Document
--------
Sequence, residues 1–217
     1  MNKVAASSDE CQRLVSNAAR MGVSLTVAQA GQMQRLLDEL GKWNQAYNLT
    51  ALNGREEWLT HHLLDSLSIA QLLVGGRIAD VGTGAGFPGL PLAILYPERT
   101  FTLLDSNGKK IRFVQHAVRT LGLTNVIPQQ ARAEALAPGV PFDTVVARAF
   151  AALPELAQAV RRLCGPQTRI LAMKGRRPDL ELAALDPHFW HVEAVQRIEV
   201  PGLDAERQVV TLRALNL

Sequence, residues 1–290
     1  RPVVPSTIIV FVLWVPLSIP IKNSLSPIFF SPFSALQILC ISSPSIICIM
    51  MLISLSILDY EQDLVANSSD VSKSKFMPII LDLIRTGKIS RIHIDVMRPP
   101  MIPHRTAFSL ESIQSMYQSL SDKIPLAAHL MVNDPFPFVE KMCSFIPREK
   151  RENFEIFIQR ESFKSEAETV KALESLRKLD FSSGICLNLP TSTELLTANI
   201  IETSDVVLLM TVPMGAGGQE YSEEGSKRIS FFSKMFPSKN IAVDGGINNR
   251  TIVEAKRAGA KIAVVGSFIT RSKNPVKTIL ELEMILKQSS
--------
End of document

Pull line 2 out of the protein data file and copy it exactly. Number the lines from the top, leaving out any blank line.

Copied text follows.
     1  MNKVAASSDE CQRLVSNAAR MGVSLTVAQA GQMQRLLDEL GKWNQAYNLT